Southwestern Historical Quarterly
there was not a day that I lost sight of them" (p. I3). Yet, the buffalo
encountered by Coronado were only a small segment of the "in numbers-
numberless" (p. 17) that for centuries from the Saskatchewan in Canada
to South Texas "had been coexisting with the Plains Indian in a rare
balance between nature and man" (p. xxii).
Several books, most notably by Martin S. Garretson, Francis Haines, and
Frank G. Roe, have dealt with the buffalo, but none so thoroughly or scien-
tifically as this study. Tom McHugh, a zoologist, naturalist, and winner of
several Academy awards for his wildlife photography, for three years stu-
died surviving herds of buffalo in Yellowstone National Park, Jackson Hole
Wildlife Park, and Wind Cave National Park. In the resulting book, which
is too comprehensive for a synopsis here, McHugh traces the evolution of
the buffalo and its modern relatives. He then turns anthropologist and de-
votes six chapters to the crucial role of the buffalo in the life of the Plains
Indians. Here he emphasizes methods of hunting, utilization, and the asso-
ciated ceremonies and folklore, but does not cover a number of related
topics, including the technique of tanning hides and constructing tipis.
The section about the nature of the buffalo, both physical and behavioral,
leaves very few unanswered questions. It is all there--size, color, vision,
hearing, foraging habits, gaits, disease, courting, mating, birth, play, social
status, aggression, and death. The last two chapters are historical summaries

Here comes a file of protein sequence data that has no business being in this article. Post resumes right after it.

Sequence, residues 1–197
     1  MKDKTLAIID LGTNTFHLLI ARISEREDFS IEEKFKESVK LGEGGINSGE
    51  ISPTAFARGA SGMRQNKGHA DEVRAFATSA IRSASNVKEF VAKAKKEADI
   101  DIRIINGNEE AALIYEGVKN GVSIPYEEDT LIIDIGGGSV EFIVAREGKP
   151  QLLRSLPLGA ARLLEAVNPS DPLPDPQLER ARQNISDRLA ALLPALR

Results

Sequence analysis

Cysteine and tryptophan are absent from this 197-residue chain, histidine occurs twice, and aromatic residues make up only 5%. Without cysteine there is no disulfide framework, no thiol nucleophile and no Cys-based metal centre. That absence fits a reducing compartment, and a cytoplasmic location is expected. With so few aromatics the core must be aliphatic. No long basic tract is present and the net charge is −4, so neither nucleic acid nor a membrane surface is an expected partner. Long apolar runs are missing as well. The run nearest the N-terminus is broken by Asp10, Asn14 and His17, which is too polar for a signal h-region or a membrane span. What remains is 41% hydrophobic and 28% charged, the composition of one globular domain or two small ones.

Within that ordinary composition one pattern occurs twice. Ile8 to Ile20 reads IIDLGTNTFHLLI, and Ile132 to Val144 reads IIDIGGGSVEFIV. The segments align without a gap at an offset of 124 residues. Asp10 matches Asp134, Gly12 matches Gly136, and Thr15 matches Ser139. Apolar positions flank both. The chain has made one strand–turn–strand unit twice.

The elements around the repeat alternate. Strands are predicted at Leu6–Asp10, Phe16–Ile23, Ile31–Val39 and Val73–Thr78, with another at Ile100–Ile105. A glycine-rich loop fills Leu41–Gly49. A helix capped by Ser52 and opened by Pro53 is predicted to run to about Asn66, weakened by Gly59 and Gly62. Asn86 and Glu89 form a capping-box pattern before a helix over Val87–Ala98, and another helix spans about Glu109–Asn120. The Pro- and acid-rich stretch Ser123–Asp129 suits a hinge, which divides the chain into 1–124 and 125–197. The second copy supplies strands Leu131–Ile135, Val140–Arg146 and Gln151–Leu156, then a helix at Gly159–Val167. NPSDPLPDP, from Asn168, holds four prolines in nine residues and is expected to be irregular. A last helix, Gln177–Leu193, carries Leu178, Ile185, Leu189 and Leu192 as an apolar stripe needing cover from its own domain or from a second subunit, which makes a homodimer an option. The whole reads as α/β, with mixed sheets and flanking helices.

of the great slaughter by the whites in the 187os and I88os and of the
efforts in the twentieth century to preserve the buffalo from total extinction.
About thirty thousand head are currently living under government or pri-
The Time of the Buffalo is a significant contribution to the literature of
the American West. The scholarly reader will deplore the absence of docu-
mentation and may wonder why several pertinent studies are not included
in the bibliography; the site of Juan de Ofiate's settlement in 1598 was
north of Santa Fe rather than at El Paso; and the number of wives of Plains
Indian men was normally less than stated. The few flaws are minor. On the
positive side, the subject is fascinating, the style is direct and simple, the
editing is superb, and the format is attractive.
Texas Tech University ERNEST WALLACE
The American Territorial System. Edited by John Porter Bloom. (Athens,
Ohio: Ohio University Press, 1973. Pp. ix+248. Notes, biographical
sketches. $ o.)
On November 3-4, 1969, the National Archives sponsored a conference
Texas State Historical Association. The Southwestern Historical Quarterly, Volume 78, July 1974 - April, 1975. Austin, Texas. The Portal to Texas History. http://texashistory.unt.edu/ark:/67531/metapth117149/. Accessed April 19, 2014.